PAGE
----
Ruling ignores law, attorney says.
SALEM - Eugene schools are objecting to a hearings officer's preliminary order upholding a realignment of high school athletics that would put teams from Eugene in the same league as those in Southern Oregon.
The Eugene district's attorney, Joel DeVore, said Tuesday that he would be filing a legal response to the order, which he said failed to allow individual school districts' objections to the Oregon School Activities Association's realignment plan.
The preliminary order, released Monday, effectively sided with the OSAA, which faced challenges from the Eugene, Medford and Salem-Keizer districts. All three said the plan forced their students to miss too much time from school traveling for league sports contests.
This latest step shifts the issue back to Superintendent of Public Instruction Susan Castillo, who has the final authority to accept or alter the order.
"It will come down to a question of whether our state superintendent of public instruction, Susan Castillo, will protect students or not," DeVore said.
Castillo will rule next Monday or Tuesday after reviewing the preliminary order, spokesman Gene Evans said. Castillo also will take into account any "exceptions" filed by parties to the dispute - attorneys for the objecting school districts and the OSAA.
Tom Welter, executive director of the OSAA, had no complaints.
"We didn't feel like we violated any law and the hearings officer ... arrived at the same conclusion," he said.
Welter acknowledged that the plan to expand the number of classes from four to six and to align schools into new leagues based on the reclassification had drawn opposition from a small number of districts.
"But the vast majority feel like this is the direction we should take, starting in the fall," he said.
DeVore said the idea that objections from a small minority of districts were invalid because most OSAA members accepted the plan was legally flawed.
DeVore said the preliminary order, written by hearings officer and Eugene lawyer William Young, ignored the state law requiring that when schools are placed in leagues, nine specific standards must be considered, including geography and lost class time.
"There was a lot of evidence that went into the record about making Medford and Eugene students drive hundreds of miles on a round trip," DeVore said. "None of that evidence was talked about in the opinion."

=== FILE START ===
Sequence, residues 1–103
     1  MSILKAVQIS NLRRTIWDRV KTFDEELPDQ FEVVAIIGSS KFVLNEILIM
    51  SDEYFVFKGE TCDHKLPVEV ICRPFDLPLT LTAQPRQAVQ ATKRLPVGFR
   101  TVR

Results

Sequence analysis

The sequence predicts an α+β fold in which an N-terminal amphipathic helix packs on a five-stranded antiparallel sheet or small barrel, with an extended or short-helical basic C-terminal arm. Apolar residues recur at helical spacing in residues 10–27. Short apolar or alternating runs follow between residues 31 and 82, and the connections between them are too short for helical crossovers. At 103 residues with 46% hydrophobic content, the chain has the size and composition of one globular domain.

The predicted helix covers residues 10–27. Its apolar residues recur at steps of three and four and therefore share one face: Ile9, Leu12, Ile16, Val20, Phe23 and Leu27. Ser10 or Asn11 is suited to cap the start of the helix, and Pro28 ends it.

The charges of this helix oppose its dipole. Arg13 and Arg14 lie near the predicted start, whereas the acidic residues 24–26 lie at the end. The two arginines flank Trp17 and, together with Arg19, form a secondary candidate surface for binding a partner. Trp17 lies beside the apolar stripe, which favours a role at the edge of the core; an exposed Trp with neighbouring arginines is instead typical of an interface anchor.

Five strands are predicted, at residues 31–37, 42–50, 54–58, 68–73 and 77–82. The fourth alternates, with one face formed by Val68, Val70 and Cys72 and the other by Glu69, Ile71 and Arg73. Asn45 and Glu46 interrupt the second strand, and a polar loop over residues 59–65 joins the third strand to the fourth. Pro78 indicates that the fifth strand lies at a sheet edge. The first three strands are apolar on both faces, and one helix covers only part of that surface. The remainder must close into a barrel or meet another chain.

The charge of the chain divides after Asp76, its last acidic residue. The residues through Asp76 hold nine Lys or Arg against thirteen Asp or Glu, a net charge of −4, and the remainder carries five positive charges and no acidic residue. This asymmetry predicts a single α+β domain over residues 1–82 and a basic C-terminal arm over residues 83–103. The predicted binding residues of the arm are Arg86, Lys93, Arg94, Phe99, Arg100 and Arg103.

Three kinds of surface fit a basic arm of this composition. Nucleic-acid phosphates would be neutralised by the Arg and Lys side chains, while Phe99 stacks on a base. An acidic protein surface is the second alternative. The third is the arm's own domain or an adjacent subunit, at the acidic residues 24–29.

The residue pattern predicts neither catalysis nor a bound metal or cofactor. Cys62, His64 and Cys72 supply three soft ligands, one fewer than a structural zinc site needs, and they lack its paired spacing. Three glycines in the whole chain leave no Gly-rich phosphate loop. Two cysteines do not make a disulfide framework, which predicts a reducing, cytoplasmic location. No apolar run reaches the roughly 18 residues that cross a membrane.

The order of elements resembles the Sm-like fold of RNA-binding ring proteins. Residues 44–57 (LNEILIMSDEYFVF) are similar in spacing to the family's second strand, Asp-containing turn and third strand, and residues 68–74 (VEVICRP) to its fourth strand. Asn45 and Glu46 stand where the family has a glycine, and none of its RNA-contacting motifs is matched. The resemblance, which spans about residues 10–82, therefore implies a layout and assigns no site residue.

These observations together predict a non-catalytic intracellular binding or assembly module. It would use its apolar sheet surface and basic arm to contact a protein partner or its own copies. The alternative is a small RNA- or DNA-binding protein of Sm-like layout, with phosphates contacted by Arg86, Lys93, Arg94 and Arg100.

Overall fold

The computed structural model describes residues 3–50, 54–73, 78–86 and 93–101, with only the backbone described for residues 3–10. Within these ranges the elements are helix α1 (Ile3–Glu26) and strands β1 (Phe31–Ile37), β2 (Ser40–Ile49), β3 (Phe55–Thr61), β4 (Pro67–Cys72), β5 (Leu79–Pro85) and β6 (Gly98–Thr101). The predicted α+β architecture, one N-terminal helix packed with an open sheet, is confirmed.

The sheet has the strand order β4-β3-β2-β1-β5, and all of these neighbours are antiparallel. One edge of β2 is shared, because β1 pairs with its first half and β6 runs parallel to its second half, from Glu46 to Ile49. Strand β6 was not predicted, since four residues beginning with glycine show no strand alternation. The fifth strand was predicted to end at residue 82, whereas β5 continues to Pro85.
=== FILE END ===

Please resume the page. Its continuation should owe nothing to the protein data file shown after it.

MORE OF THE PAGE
Eugene School District spokesman Kelly McIver said the district's next step, should the state schools chief adopt the hearings officer's endorsement of the OSAA plan, would be to file an appeal with the Oregon Court of Appeals.
"That would be our next step if we chose to take it, and that decision just hasn't been made yet," he said.
Under the OSAA plan, South Eugene and Sheldon high schools would be Class 6A schools. Enrollment at those schools exceeds the 1,521-student cutoff used by the OSAA to determine which schools belonged in the largest classification.
The result would place the remaining five Eugene- Springfield high schools in one league for smaller Class 5A schools and move South Eugene and Sheldon into a Class 6A league with Roseburg, Grants Pass, South Medford and North Medford.
Medford's school district objected for reasons similar to Eugene's: that students would lose too much class time traveling to compete against schools 170 miles away. Salem-Keizer, the other district to challenge the realignment plan, does not want its five high schools to travel regularly over the Cascades to play Redmond High School, which would be placed in the same league.
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|Title Annotation:||Schools; Eugene schools plan to challenge the latest order upholding the OSAA's realignment plan for Oregon high school athletics|
|Publication:||The Register-Guard (Eugene, OR)|
|Date:||May 31, 2006|
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